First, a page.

When we first crossed the border from the Netherlands into Germany, we noticed an increase in the speed of the traffic by about fifteen or twenty km/h. Even though I was holding my own in the middle lane with the other Dutch drivers, it was immediately apparent that I was too slow for the Germans. For fifty or so kilometers I thought that I was having the time of my life. I was driving one hundred forty km/h (90 mph) in the right lane and passing at will in the center lane. So far, so good.
As we turned towards Koblenz to follow the Rhine River south, the nature of the road changed. The road to Cologne had been a wide four lane highway, stretched across a flat plain. One could see for a good mile behind and ahead over the flatlands. The new road on the western bank of the river became a two-lane highway that twisted around and traversed some formidable hills. That made driving a bit more tricky in our Nissan Micra. Unfortunately, the equation was only further complicated by the fact that Germany doesn’t border to the Atlantic Ocean. Let me explain.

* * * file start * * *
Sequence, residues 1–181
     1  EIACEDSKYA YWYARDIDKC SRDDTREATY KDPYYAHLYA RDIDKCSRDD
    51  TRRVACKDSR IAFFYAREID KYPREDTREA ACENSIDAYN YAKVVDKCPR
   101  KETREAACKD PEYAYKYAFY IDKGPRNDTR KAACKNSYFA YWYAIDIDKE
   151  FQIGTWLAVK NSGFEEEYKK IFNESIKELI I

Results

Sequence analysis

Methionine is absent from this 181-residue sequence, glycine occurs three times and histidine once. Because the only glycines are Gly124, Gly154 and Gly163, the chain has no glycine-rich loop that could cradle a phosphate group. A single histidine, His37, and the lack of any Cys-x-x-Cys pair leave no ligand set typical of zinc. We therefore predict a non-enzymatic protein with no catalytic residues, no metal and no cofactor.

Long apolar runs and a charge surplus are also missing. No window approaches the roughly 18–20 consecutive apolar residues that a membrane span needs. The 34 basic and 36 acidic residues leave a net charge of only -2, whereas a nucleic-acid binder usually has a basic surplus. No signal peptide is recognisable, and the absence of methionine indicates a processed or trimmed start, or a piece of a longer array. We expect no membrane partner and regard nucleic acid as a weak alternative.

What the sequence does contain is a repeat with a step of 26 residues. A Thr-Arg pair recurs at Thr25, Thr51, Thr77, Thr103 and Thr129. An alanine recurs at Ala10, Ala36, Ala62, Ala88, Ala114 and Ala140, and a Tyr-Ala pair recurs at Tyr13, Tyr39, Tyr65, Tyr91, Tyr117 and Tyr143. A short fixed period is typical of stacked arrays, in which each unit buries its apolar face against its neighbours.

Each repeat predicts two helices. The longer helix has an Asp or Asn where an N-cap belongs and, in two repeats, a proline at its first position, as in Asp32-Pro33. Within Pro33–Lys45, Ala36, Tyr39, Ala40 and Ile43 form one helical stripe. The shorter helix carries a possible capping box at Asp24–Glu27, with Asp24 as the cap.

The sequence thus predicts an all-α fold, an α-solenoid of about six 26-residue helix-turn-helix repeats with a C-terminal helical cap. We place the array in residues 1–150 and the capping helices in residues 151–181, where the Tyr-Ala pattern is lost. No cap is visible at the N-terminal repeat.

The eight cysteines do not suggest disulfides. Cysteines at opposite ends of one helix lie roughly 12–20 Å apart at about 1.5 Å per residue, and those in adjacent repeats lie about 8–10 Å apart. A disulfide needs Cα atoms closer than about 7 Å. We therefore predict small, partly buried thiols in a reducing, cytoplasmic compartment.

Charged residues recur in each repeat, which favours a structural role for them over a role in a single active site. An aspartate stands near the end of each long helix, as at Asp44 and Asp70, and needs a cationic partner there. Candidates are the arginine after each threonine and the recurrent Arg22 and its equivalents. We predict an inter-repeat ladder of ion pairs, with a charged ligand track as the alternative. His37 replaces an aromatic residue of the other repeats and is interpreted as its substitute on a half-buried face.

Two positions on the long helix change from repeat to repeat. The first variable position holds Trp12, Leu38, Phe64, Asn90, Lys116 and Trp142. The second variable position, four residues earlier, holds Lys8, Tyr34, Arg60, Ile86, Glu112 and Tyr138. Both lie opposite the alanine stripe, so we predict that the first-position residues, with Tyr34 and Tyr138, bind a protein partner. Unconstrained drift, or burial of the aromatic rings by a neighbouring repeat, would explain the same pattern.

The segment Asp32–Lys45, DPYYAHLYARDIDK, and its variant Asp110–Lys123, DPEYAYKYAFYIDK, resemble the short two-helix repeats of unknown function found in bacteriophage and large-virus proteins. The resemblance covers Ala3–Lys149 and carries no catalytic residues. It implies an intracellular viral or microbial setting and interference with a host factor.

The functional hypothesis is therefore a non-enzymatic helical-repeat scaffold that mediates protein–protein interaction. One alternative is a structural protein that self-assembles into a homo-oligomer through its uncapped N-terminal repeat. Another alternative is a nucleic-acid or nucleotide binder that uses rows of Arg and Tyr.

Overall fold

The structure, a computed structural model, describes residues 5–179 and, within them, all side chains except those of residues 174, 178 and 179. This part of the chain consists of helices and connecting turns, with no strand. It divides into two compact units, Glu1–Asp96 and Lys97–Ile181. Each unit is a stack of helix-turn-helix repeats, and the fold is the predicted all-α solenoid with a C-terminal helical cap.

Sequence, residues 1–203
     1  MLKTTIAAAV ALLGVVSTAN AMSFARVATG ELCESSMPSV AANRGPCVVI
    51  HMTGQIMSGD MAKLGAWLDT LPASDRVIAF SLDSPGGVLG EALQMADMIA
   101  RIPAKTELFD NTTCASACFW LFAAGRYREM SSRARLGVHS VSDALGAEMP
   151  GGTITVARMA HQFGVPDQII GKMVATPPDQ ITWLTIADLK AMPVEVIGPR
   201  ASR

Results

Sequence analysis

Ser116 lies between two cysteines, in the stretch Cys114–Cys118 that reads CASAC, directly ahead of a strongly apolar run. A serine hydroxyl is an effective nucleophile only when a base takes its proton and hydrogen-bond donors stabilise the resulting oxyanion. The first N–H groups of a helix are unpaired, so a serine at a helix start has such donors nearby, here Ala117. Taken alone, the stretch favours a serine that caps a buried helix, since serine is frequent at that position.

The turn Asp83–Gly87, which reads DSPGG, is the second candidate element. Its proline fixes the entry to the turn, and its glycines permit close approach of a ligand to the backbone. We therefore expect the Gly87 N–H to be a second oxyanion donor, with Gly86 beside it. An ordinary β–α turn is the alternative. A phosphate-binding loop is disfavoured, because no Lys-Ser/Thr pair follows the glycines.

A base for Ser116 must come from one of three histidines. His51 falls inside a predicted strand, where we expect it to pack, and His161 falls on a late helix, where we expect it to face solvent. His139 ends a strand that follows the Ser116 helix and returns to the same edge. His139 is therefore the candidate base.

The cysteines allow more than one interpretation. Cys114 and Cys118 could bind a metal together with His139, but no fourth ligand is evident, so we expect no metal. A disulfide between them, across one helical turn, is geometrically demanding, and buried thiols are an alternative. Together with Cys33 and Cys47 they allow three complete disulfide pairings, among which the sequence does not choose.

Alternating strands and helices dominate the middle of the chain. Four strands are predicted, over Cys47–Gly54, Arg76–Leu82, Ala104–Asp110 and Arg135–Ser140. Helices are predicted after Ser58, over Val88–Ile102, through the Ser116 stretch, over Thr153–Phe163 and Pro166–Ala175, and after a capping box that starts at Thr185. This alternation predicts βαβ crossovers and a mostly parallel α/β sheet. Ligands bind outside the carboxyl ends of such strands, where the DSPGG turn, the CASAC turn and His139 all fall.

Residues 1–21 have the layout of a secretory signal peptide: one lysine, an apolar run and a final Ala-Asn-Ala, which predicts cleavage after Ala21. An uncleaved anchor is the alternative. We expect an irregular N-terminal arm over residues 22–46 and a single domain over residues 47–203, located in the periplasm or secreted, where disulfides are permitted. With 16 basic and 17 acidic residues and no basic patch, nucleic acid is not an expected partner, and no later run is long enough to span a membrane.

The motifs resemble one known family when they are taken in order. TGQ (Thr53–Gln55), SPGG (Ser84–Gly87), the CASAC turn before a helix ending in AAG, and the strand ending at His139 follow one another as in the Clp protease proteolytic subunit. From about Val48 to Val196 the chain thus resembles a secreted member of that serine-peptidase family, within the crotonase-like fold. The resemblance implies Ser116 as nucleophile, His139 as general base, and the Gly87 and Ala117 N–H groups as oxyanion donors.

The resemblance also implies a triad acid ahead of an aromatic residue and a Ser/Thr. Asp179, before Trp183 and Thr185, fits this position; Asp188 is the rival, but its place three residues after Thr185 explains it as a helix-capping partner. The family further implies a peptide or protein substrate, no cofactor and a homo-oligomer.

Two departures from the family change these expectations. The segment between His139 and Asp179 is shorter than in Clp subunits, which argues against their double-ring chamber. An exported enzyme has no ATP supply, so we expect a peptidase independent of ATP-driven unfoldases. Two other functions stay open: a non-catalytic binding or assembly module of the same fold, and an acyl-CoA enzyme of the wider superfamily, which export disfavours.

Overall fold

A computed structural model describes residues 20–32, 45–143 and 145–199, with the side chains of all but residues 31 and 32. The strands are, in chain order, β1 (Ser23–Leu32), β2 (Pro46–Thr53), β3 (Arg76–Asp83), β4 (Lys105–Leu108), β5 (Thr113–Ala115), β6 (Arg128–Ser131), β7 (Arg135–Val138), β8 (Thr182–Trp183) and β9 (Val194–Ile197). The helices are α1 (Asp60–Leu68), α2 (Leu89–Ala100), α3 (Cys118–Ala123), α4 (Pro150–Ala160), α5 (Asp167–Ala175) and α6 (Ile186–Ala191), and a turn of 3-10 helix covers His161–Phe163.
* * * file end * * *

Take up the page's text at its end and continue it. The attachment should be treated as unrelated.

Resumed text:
Germany receives a very large portion of its imported good through the Port of Rotterdam. The freight containers must be transported inland from the Dutch coast to German distribution centers via truck, train or barge. While automobiles have very few speed limitations through many parts of Germany, these large trucks carrying heavy sea containers are not allowed to exceed ninety km/h. Throw in the hills of the river valley and these trucks might as well be standing still. On the inclines I had no chance of getting around the trucks before a Porsche or a Mercedes was right on my bumper. On the way down, though, I found that our car could make it around a line of three trucks before being forced back into the right lane. We reached speeds of one hundred eighty km/h (108 mph) while passing in this manner. The little car felt as if it would flip over when swerving back into the right lane.